Coleman is a native Arkansan from Farmington, currently earning a BS in industrial engineering and a BA in political science. He founded Simple + Sweet Creamery, a small-batch ice cream store in Northwest Arkansas that donates its profits to local nonprofits that fight child hunger throughout the region. He intends to use his background in optimization, data analytics, and policy to serve his home state by offering innovative, pragmatic solutions to address the inequities faced by many Arkansans, specifically related to child hunger. Coleman has served with the Center for Community Engagement on campus to help fight food insecurity both on and off campus, and he spent the summer of 2019 serving as an AmeriCorps VISTA at the Food Bank for the Heartland. In his free time, Coleman produces music and runs long-distance.
From Baltimore, Maryland, Claire studies environmental engineering and sustainable energy. Growing up near an urban park, she developed a deep love for the natural world, driving her to dedicate her studies and career to solving what she sees as the defining crisis of our time: climate change. A 2020 Udall Scholar, Claire is actively involved in making Princeton's campus more sustainable, leading the Princeton Student Climate Initiative, serving on Undergraduate Student Government as the inaugural Sustainability Chair, and working for the Office of Sustainability as a peer representative. Through internships at the Federal Energy Regulatory Commission and National Renewable Energy Laboratory, Claire has become fascinated by the electricity grid and sees her life’s mission as decarbonizing it through sound policies and regulations. She plans to pursue an MPA in energy policy. In her spare time, she can be found birding, rock climbing, and spending as much time outdoors as possible.
Sena is majoring in environmental studies. She currently co-directs Sunrise Connecticut, a hub of the national youth-led Sunrise Movement combating climate change. She helped organize the two statewide youth climate strikes at the Connecticut State Capitol in 2019. In 2020, Sena served as lead organizer for the Sunrise Connecticut youth lobby day on climate change at the state legislature, which brought more than 150 students to Hartford. She then chaired a subcommittee on Governor Ned Lamont’s Council on Climate Change and helped on the campaigns of candidates running for state legislature. After graduation, Sena plans to pursue a joint JD/MA in environmental management to gain a well-rounded understanding of environmental issues and law. Later, she intends to run for office. Sena is passionate about climate and social justice and wants to bring that passion into politics.
Born and raised in Wilmington, Delaware, Max is always quick to espouse his love for the First State. As a computer science and public policy student, he has developed a strong interest in expanding access to technical education through both policy change and direct action. In Boston, Max has worked to increase political engagement among college students, primarily through his work on the Biden campaign during the 2020 primary. In Delaware, Max interned in United States Senator Chris Coons’ office, and later served as the data director on his re-election campaign. More recently, Max managed the expedited stand-up of a $7 million COVID testing lab at Delaware State University through New Castle County government, while also launching a local educational initiative to provide coding classes to underserved youth. Max plans to pursue a JD with a concentration in education law and hopes to bring computer science education into every American high school. In his free time, Max enjoys (slowly) running half-marathons, singing, and exploring new places.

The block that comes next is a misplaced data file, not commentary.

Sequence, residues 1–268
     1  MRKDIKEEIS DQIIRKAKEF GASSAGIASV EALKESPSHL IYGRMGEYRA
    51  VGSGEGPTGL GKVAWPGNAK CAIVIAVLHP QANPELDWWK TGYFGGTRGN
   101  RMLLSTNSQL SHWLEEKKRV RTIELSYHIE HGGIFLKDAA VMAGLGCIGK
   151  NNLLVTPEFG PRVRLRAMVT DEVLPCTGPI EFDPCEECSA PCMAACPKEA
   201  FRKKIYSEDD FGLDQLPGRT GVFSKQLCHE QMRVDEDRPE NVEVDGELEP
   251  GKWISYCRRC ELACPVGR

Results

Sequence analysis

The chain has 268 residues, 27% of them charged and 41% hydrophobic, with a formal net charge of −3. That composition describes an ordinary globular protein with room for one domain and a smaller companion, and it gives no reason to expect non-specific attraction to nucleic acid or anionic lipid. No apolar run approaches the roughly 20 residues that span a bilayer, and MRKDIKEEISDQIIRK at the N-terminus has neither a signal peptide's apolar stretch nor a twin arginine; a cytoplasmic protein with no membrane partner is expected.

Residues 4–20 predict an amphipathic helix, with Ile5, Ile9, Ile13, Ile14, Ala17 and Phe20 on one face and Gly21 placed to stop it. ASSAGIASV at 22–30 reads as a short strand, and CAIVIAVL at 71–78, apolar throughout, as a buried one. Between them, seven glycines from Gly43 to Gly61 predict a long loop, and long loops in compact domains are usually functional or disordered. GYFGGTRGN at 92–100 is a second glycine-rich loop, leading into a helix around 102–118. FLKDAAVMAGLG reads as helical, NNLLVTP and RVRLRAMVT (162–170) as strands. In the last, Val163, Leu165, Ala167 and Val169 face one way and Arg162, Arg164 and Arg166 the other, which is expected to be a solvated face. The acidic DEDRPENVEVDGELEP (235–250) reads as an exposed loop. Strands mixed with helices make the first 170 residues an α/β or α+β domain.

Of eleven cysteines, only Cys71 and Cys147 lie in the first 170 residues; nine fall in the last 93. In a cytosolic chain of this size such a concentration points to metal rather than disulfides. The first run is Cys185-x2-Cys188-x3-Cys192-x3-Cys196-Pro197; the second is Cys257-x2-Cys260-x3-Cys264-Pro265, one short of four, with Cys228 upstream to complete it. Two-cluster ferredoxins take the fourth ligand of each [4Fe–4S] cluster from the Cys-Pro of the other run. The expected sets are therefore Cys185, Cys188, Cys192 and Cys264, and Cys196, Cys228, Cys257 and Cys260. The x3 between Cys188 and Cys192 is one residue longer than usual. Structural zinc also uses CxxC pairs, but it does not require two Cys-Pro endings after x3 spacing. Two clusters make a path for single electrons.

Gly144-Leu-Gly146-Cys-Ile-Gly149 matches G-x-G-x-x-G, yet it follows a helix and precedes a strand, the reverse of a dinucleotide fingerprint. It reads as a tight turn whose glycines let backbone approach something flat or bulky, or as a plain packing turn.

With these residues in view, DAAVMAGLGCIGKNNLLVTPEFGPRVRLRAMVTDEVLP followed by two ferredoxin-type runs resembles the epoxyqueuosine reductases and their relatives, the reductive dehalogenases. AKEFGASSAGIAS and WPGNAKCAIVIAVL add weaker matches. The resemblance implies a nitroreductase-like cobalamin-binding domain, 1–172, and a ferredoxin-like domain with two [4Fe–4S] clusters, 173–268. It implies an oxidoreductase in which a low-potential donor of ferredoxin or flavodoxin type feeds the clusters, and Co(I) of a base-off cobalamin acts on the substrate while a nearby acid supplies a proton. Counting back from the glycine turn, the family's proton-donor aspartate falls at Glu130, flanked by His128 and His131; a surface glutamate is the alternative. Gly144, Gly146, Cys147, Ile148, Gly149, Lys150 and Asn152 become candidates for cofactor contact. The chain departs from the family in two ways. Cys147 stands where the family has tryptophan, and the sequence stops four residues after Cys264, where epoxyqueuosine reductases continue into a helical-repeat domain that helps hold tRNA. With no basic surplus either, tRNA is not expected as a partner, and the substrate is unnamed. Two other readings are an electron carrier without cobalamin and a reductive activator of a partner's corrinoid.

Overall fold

Sam is a Robertson Scholar studying history and political science, as well as prison studies at the Duke Divinity School. At the University of North Carolina, he serves as the president of the Chabad Student Group, where he works to plan programs that enrich Jewish students’ lives. He serves as the president of the Duke Moot Court Association, where he leads the school’s nationally competitive team. His experience with antisemitism on campus inspired him to create the Confronting Antisemitism course, UNC’s first course totally dedicated to educating students on historical and modern incarnations of antisemitism. Sam has worked in the Client Services Division at the Orleans Public Defenders and as an intern focused on Black-Jewish Relations at the American Jewish Committee. He hopes to build on those experiences when he pursues a JD and use his legal education as a tool for advocacy, specifically to combat antisemitism and help uplift minority communities.
Felita, majoring in life science, is a first-generation Chinese American, raised in both the United States and China. She was born in San Jose, California, but attended middle school in Shenzhen, China, where she experienced the taboo nature of reproductive health education. This experience, along with the lack of women’s health knowledge among cadet leaders at West Point, motivated her to pursue a career to serve women through health care. Felita is the vice president of the Corbin Leadership Forum, a gender diversity and inclusion club that aims to educate, empower, and inspire military women. At the Academy’s Multi-Functional Materials Laboratory, she researches biomaterials to develop cost-effective, readily-deployable innovations, such as biosensors to monitor maternal health. Her goal is to decrease maternal mortality by establishing maternal health education programs for health care providers, while providing them with the latest biomedical technologies. Upon graduation, Felita plans to pursue an MD to become an Army physician specializing in women’s health. She then hopes to earn a DrPH in order to focus on women’s health policy throughout the Asia Pacific region.